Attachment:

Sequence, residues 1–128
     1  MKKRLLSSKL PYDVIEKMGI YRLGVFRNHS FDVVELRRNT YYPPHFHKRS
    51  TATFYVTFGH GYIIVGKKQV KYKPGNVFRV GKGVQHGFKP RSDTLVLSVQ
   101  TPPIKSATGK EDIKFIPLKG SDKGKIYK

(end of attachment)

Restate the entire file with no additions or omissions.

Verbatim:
Sequence, residues 1–128
     1  MKKRLLSSKL PYDVIEKMGI YRLGVFRNHS FDVVELRRNT YYPPHFHKRS
    51  TATFYVTFGH GYIIVGKKQV KYKPGNVFRV GKGVQHGFKP RSDTLVLSVQ
   101  TPPIKSATGK EDIKFIPLKG SDKGKIYK